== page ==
Christian Olsen’s Q1 2013 letter and March update has some interesting comments on merger arb play (see the 2013 letter here). Check out the full letter below.
I continued accumulating the ‘special situation’ investment
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I discussed but didn’t name in last month’s update. This is D.E. Master Blenders 1753 BV, the Amsterdam-listed spin-off of Sara Lee’s coffee and tea businesses, which was acquired by an investor group for cash last fall
At this point, it looks like we will most likely earn almost 6% over our avg. holding period of about two months (approx. 40-65% annualized, depending on the timing of the final cash payout) on this very low-risk arbitrage.
After the investor group had acquired over 95% of the shares following the completion of the tender offer to shareholders last fall, the stock was delisted from Euronext Amsterdam and a squeeze-out procedure was initiated in the Dutch courts in order to force the remaining shareholders to sell their shares to the investor group at the buy-out price. A couple of months later, the stock started trading in the U.S. ‘grey market’ at a significant discount to the buy-out price (this was probably due to low liquidity and a lack of awareness about this trading opportunity among sophisticated arbitrageurs), while my research indicated it was highly unlikely that the court would not decide that the remaining holders would receive the same price as other shareholders. When I became aware of this arbitrage opportunity, I started accumulating the stock. As expected, on April 8 the court ruled that the remaining shareholders shall receive the buy-out price within the next few weeks. Please see the Q1 investor letter or the accompanying email for more details.
- Approx. 40-65% IRR on Arbitrage of Dutch Squeeze-Out
During the quarter, I invested in what I think was an excellent arbitrage opportunity. I bought shares in D.E. Master Blenders 1753 BV, the Amsterdam-listed spin-off of Sara Lee’s coffee and tea businesses, which was acquired by an investor group for cash last fall.
At this point, it looks like we will most likely earn almost 6% over our average holding period of about two months (approx. 40-65% annualized return, depending on the timing of the final cash payout) on this very low-risk arbitrage.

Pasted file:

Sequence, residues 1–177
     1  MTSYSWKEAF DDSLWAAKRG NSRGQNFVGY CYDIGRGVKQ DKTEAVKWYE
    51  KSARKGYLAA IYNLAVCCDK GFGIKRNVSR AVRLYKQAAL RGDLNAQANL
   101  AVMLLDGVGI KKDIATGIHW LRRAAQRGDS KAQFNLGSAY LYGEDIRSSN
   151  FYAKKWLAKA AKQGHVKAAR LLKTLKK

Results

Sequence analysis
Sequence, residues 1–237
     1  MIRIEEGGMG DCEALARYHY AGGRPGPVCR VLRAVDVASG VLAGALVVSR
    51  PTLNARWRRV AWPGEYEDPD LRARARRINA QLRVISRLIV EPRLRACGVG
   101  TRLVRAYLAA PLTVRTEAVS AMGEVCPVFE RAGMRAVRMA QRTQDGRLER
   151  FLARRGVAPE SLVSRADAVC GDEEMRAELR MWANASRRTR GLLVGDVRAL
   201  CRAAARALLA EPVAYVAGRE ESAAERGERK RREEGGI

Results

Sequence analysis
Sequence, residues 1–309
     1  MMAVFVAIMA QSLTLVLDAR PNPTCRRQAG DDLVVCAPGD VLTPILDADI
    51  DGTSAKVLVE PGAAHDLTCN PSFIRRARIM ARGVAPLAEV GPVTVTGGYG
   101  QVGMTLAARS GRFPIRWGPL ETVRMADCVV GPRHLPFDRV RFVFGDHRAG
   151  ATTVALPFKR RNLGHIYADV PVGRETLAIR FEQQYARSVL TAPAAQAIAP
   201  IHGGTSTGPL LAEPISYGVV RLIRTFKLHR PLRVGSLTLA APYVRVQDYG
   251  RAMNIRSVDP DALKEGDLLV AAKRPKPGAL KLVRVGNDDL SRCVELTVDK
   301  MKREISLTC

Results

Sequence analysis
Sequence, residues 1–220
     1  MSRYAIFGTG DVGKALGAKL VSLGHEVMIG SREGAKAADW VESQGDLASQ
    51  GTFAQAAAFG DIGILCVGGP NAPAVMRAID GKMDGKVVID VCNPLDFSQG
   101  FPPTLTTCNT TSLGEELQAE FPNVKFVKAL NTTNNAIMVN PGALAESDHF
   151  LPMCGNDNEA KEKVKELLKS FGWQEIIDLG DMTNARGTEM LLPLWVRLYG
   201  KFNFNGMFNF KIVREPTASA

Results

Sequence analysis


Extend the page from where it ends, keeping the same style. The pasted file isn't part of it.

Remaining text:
Stock Trades 10% Below Buy-Out Price in Obscure Over-the-Counter Market
Under Dutch law, depending on the legal structure of an acquisition, it may be necessary for the buyer to acquire at least 95% of the shares (generally via a tender offer to the shareholders) before it can force the remaining shareholders to sell their shares under a ‘squeeze-out’ procedure overseen by the courts. In October, shortly after the investor group obtained 95% of D.E. Master Blenders, the stock was delisted from Euronext Amsterdam and the squeeze-out procedure, which typically takes several months, was initiated in the Dutch courts. A couple of months later, the stock started trading in the so-called ‘grey market’ in the U.S., which is basically the least regulated tier of the pink sheets, at prices that initially were around 10% below the USD-equivalent of the EUR 12.50 buy-out price.
Very Low Risk Investment; Imbalance of Supply and Demand for the Stock
My research on the Dutch squeeze-out procedure generally as well as the particulars of this case indicated there was only a very low probability that the court’s decision would not result in the remaining shareholders eventually being bought out at EUR 12.50 per share, which I thought would probably occur around May of this year. Many of the shareholders who did not tender their shares (most likely due to inattention) probably also didn’t properly understand the terms of the buy-out and the squeeze-out procedure (and hence the value of their investment). Moreover, some of them were probably U.S.-based individual investors who owned this European-listed stock because the company was spun off from a U.S. company only 17 months before the delisting. Therefore, when the stock became tradable in the U.S. grey market, I think there was likely a meaningful number of natural sellers, but few arbitrageurs were buying because of low liquidity and lack of awareness (perhaps caused by the change in trading venue from Europe to the United States).
After I became aware of this opportunity, I accumulated as many shares as I could without pushing the price up significantly, and fully hedged the currency risk. As expected, on April 8 the court issued its decision that the remaining shareholders shall be mandatorily bought out at EUR 12.50 per share within the next few weeks, and the stock is now trading in line with the buy-out price.
- Sold Topps Tiles, Locking in 17.6% IRR
During January, I sold our remaining shares in Topps Tiles plc, as the price had performed exceptionally well in recent weeks and now reflected approximately fair value.